_{1}

In refractive surgery, the cubic spline fit for the transition zone breaks down for myopia and myopic meridians in mixed astigmatism as in many cases the cubic spline function runs into negative values. In this paper, the complementary error function is proposed instead of the cubic spline function as the transition zone function, due to the availability of analytical expression of its derivatives and the nonnegativity fact. It is shown that with the use of the complementary error function, transition zones for all refractive types work correctly.

In refractive surgery [

The spline functions have been widely used for applications in various fields, such as for smoothing [

The cubic spline functions work correctly for refractive surgical types such as hyperopia and hyperopic astigmatism. However, for myopia, myopic astigmatism and mixed astigmatism, the transition zone runs into negative values when the edge of the optical zone is too steep (slope smaller than −2). Since no negative tissue can be ablated, negative values are usually ignored, causing incorrect ablation shapes.

In this paper, complementary error function is used as the transition zone function for cases when the slope of the optical zone edge is lower than −2. The geometric continuity and the parametric continuity for the complementary error function are discussed. Simulation of the real-life ablation shapes with the use of both cubic spline function and complementary error function is given to show the effectiveness for the use of the complementary error function.

For simplicity, assume that the transition zone starts from u = 0 to u = 1 along any radial meridian for a two-dimensional surface. Further, assume that the transition zone function has values between 0 and 1, shown in

The general form for a cubic function can be given by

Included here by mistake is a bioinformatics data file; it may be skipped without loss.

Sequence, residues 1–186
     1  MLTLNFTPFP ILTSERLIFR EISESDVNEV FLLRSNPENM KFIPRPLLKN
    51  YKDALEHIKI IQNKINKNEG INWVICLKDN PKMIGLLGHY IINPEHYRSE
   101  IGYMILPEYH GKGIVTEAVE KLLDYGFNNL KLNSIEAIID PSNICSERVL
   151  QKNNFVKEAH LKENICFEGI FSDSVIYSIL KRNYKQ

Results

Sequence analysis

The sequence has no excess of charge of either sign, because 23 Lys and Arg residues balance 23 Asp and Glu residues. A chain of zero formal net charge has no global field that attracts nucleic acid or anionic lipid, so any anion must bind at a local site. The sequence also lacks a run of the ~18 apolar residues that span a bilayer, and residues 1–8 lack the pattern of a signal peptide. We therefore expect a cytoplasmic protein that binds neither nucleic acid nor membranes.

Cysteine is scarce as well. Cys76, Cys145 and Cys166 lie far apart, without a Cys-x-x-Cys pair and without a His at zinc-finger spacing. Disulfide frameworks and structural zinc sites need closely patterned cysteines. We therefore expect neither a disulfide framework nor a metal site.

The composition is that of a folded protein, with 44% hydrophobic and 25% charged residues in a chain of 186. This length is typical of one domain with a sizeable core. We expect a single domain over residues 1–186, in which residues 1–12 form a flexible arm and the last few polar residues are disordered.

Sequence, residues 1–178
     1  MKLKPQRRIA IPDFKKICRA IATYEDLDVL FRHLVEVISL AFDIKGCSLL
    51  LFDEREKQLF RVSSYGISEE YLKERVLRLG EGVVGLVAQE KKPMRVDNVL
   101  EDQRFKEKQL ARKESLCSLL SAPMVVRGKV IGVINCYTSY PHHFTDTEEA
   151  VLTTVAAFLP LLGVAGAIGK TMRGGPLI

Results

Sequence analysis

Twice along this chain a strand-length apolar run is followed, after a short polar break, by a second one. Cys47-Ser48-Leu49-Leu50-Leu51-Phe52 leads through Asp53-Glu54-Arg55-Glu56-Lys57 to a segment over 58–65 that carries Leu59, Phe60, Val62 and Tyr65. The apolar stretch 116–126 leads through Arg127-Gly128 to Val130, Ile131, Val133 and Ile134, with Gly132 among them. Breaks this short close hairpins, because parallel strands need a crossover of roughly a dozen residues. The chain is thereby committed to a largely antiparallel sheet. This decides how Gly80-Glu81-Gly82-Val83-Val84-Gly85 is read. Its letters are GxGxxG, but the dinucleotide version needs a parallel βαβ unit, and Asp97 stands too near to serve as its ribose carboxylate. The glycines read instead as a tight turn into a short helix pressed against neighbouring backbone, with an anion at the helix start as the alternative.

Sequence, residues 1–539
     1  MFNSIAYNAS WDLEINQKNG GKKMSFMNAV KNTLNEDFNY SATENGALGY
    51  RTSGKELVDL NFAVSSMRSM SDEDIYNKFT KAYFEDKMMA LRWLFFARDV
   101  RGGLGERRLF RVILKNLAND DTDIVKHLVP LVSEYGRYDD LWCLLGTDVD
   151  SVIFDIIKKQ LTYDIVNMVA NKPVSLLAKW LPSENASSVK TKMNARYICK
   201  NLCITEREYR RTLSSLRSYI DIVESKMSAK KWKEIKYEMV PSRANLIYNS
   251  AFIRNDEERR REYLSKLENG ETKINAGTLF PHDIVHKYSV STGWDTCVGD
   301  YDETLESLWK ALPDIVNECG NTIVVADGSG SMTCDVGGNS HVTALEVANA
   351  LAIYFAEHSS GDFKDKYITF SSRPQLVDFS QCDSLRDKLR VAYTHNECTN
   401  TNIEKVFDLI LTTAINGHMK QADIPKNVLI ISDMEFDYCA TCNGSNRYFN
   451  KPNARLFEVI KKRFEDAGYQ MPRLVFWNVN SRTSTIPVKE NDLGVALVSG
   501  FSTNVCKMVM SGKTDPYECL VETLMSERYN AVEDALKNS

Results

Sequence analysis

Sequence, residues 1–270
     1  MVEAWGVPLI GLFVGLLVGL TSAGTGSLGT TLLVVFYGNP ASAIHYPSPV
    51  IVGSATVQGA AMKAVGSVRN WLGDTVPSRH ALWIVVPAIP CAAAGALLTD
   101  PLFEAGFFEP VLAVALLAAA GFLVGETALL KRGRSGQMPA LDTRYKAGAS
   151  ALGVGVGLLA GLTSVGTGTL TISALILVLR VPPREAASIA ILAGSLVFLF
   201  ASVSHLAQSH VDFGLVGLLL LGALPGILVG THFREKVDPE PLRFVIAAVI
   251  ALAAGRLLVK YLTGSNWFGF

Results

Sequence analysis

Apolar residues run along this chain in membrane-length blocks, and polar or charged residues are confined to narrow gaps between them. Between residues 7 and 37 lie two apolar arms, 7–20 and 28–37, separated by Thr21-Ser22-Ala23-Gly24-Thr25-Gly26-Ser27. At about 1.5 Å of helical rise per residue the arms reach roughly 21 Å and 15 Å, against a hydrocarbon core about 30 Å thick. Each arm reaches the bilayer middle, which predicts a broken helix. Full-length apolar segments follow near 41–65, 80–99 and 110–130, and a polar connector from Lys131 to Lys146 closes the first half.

where a, b, c, and d are the unknowns. We further assume that the slope at the outer edge of the optical zone is s. With these four unknowns, it is necessary to use four equations to solve them. Generally speaking, these are the four conditions that form the four equations:

・ When u = 0, S(u) = 1 for geometric continuity at the inner edge;

・ When u = 1, S(u) = 0 for geometric continuity at the outer edge;

・ When u = 0, S'(u) = s for parametric (slope) continuity at the inner edge;

・ When u = 1, S'(u) = 0 for parametric (slope) continuity at the outer edge.

Using the four equations obtained from these conditions yields the solution as

This solution works correctly when the slope at the outer edge of the optical zone (s) is greater than −2. However, when s < −2, Equation (2) has the potential to result in a negative value, since the first derivative of S(u) in Equation (2) is quadratic and it has two roots. If the first one occurs at u = 1, the other one may occur at u < 1. When this happens, the transition zone contains negative values. Since no negative ablations can be allowed, they must be zeroed out, resulting in the implemented transition zone much smaller, as illustrated in

To prevent negative values to occur, we can force S(u) to be always positive, thus

yielding

It is easy to show that the asymptotic value of s is −2:

Based on the above analysis, it is necessary to use a different transition function for situations when the slope is smaller than −2, to prevent running into negative transition zone values.

From the fact that the ideal transition zone function spans from 1 to 0 without resulting in negative values, it is easy to think about the complementary error function, which runs from 1 to 0 asymptotically. It will never run into negative values. The complementary error function is given by